QUESTION: Well, then you'll be getting it shortly. So maybe they can just send us exactly what they sent the Post, yeah?

QUESTION: Can you acknowledge that there were cables?

MR. GALLEGOS: I'm not going to speak to any part of this at this point, aside from what I --

QUESTION: Is this coming from the legal office?

MR. GALLEGOS: I - this is what I have for you today, Matt.

QUESTION: You're telling me there's a front-page story in one of the leading newspapers this morning which says that, you know, these cables - the State Department turned over these cables, or gave them to them, in response to a Freedom of Information Act request.

MR. GALLEGOS: Mm-hmm.

QUESTION: Your refusing to discuss it now would suggest that there was a mistake, that there was an error --

MR. GALLEGOS: I'm telling you that I don't have any --

QUESTION: Was there an error in --

MR. GALLEGOS: I am telling you --

QUESTION: Was there an error in the FOIA office here someplace in turning this stuff over?

MR. GALLEGOS: I am telling you that today I don't have any other - any additional information for you. And I'm not going to speak to the issue, as we do not generally speak about our bilateral communications with other countries.

QUESTION: Okay. Well, can you take - can you take the question, then? Not about the content of the cable or whether they exist, but whether someone erred in releasing these --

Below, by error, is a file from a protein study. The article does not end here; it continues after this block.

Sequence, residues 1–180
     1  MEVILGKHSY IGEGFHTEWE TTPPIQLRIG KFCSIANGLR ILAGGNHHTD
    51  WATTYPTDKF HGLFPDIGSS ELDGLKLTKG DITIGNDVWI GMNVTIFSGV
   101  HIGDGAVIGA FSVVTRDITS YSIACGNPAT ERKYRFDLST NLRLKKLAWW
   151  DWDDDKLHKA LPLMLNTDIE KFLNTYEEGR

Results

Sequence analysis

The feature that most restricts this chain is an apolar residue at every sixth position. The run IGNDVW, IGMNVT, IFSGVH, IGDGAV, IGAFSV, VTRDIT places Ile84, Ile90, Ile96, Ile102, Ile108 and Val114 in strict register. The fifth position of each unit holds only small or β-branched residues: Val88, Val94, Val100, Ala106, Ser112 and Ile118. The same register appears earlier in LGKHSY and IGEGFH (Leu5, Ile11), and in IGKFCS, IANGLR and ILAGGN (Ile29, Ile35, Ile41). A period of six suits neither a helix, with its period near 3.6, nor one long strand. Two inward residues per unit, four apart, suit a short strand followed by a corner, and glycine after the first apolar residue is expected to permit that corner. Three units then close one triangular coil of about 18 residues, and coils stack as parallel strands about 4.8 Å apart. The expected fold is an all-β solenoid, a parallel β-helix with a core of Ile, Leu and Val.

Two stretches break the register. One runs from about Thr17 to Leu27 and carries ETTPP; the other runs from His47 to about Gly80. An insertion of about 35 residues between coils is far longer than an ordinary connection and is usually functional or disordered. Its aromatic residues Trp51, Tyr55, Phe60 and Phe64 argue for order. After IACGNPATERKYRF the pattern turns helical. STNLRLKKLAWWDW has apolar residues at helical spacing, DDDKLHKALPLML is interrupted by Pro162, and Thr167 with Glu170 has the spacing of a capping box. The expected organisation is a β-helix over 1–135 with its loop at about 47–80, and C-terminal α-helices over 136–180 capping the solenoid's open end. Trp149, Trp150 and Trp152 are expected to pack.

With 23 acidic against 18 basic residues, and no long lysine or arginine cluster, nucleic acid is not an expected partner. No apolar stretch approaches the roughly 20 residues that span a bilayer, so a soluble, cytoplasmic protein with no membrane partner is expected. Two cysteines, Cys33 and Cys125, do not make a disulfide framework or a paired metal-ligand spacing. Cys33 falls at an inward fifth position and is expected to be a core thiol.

MR. GALLEGOS: I will be happy to take the question to see what more I can find out for you about this issue.

QUESTION: Thank you.

MR. GALLEGOS: Sylvie.

QUESTION: Would you have anything, any reaction to the call of Ban Ki-moon to U.S. to postpone the execution of a Mexican national in accordance to the International Court of Justice?

MR. GALLEGOS: This is the Medellin case that you referred to?

QUESTION: Yes.

MR. GALLEGOS: You know, in June, Secretary Rice and Attorney General Mukasey sent a letter to Texas Governor Rick Perry asking that the state of Texas take a - take the steps necessary to give effect to the Avena decision. We're hoping that they do that. Other than that, I don't have any more information for you in terms of the situation or dispensation of the case in Texas.

QUESTION: So it means you don't have any power to ask them to postpone an execution? What does that mean? They can --

MR. GALLEGOS: I tell you what, I'm not a lawyer and I couldn't speak to that right now. So I have what I have for you on this case.

QUESTION: But I don't understand.

MR. GALLEGOS: I'm sorry, that's what I have.

QUESTION: Thank you.

MR. GALLEGOS: All right. Thank you.

(The briefing was concluded at 1:02 p.m.)

DPB # 138
Released on August 5, 2008

ENDS